Sedimentological facies analysis of the mid-Jurassic Garn Formation in Halten Terrace area, Mid-Norway Continental Shelf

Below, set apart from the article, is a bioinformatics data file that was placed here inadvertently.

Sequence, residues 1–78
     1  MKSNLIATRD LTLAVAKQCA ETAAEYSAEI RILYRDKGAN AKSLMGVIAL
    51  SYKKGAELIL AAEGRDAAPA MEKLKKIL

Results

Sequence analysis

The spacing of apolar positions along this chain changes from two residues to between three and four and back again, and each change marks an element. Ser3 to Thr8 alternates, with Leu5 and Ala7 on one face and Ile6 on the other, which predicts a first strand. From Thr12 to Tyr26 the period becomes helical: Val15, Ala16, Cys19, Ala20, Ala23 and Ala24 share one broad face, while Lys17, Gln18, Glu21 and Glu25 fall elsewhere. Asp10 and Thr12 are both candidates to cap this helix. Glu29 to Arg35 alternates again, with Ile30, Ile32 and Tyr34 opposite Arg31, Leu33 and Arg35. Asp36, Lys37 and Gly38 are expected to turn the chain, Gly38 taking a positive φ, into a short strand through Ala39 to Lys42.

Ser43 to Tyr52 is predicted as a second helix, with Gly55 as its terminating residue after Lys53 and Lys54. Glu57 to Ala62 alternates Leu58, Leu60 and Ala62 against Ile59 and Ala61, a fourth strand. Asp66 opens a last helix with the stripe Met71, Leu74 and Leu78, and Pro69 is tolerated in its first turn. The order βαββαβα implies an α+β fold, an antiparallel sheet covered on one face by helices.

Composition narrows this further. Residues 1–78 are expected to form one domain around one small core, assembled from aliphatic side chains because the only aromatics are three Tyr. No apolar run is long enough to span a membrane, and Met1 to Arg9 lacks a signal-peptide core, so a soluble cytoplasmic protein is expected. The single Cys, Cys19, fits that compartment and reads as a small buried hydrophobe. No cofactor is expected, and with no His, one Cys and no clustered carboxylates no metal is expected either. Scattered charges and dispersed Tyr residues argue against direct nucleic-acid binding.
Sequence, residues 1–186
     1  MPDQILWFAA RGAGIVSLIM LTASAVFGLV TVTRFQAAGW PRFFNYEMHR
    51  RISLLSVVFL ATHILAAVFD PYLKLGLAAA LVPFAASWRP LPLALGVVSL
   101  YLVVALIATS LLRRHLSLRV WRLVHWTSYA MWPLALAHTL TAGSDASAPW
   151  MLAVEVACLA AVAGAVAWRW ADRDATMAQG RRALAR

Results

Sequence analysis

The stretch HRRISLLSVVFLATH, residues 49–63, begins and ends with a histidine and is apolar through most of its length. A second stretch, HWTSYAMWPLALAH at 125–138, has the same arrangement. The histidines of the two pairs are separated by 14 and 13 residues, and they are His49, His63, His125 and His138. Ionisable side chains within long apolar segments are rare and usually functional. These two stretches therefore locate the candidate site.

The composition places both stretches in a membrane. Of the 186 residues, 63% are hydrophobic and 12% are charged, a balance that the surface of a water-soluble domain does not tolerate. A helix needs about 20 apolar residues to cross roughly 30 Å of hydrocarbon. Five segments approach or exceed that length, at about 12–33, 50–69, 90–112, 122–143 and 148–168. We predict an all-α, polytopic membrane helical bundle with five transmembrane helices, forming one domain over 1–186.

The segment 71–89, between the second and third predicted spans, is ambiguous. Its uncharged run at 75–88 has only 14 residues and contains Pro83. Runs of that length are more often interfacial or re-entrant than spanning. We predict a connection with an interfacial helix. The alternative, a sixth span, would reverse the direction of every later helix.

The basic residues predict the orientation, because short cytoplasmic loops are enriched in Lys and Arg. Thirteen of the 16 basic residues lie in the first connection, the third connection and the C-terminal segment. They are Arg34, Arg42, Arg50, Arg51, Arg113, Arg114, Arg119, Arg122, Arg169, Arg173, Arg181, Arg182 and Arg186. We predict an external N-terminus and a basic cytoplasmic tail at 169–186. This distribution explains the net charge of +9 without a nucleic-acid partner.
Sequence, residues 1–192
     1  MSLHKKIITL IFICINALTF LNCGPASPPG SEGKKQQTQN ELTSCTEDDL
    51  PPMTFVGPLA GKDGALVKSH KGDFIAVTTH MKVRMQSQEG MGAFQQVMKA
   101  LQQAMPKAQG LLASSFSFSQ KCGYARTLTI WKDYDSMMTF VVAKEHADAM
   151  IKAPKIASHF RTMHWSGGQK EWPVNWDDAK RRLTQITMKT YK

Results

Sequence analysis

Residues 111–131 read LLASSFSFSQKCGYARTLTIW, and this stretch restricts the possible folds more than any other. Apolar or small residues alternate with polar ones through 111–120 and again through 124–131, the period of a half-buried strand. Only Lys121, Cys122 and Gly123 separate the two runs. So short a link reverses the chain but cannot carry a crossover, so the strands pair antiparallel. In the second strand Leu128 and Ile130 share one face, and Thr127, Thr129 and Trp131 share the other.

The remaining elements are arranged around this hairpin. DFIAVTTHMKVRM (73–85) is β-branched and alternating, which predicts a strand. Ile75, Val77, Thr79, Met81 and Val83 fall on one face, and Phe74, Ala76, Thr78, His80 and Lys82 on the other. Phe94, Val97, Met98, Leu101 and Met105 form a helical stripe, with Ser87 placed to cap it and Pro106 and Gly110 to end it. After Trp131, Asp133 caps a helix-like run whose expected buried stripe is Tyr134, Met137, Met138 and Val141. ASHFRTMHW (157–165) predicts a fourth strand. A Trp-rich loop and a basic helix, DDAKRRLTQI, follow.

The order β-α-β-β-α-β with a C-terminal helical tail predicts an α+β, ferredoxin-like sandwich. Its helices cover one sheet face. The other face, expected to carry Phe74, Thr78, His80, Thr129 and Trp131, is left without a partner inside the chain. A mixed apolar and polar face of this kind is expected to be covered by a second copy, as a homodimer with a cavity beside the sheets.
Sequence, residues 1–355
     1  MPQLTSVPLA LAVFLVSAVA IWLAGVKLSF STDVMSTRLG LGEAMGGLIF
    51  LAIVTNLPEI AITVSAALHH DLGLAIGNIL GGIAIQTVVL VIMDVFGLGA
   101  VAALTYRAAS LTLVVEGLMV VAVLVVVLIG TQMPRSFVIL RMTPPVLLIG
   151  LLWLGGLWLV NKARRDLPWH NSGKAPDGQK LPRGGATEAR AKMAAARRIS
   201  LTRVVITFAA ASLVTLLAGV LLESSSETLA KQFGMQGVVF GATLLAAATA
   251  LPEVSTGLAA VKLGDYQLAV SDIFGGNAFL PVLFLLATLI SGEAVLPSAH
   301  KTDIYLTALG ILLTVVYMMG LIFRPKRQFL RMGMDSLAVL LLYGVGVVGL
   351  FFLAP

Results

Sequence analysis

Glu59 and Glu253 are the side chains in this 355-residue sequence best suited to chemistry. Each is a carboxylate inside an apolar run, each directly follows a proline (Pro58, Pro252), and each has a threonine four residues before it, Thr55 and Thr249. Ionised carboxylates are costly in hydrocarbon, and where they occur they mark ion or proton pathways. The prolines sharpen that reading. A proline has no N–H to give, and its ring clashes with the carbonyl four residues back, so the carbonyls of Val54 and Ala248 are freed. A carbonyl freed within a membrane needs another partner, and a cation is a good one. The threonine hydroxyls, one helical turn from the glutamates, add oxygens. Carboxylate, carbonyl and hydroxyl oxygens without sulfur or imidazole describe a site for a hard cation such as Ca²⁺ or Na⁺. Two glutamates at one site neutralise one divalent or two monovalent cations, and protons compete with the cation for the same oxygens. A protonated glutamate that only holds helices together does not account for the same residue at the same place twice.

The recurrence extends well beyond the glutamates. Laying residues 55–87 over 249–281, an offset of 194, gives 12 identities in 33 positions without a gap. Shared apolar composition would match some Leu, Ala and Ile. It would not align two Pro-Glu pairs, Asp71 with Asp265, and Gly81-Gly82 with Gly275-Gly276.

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The mid-Jurassic Garn Formation in the Halten Terrace area, Mid-Norway Continental Shelf, has been studied on the basis of ~500 m of well-core samples from 9 selected wells, geophysical wireline logs from nearly 30 wide-spread wells and two selected seismic cross-sections. The aim of this sedimentological study was to improve the existing general understanding of the Garn Fm. sedimentary environment and also to assess the role of contemporaneous fault tectonics in its deposition. The Garn Formation consists of sandstones, but varies laterally in thickness and only locally reaches >100 m. On the basis of detailed sedimentological analysis, the following facies associations are recognized as the main components of the Garn Fm.: deposits of tidal sand ridges (longitudinal tidal bars), deposits of sheltered (heavily bioturbated) and non-sheltered (little- or non-bioturbated) inter-ridge swales, deposits of shoal-water subtidal sandflats and subordinate deposits of wave-worked littoral shoals. Tidal sand-ridge deposits volumetrically predominate in the studied well-core profiles. The study thus supports the palaeogeographic notion of the mid-Jurassic Halten Terrace being a tidally-dominated seaway linking the Boreal Ocean to the north with the Tethys Ocean to the south. The present study also supports the notion that the mid-Jurassic sedimentation in the Halten Terrace area was controlled by active extensional fault tectonics, which bathymetrically compartmentalized the area into an array of NE-trending incipient grabens and half-grabens. The resulting topographic configuration is thought to have greatly enhanced the action of tidal currents and controlled spatial sand dispersal. The study confirms further the general notion that the Garn Formation is a transgressive succession composed of a transgressive parasequence set. The thickness and number of the vertically stacked transgressive to normal-regressive parasequences appears to vary laterally across the Halten Terrace, depending on the local fault activity. Only 3 to 5 transgressive–regressive parasequences, ~7–58 m thick, have been recognized in the main axial zone of the Halten Terrace seaway, but up to 16 thinner coeval parasequences were recognized at the outer (NW) margin of the Halten Terrace. The marginal flank of the synclinal Halten seaway was apparently much more sensitive to the interplay of bathymetric changes and pulses of lateral sand supply. The study as a whole considerably improves our general understanding of the origin of the Garn Fm. and also bears important implications for this formation’s geo-model as a petroleum reservoir.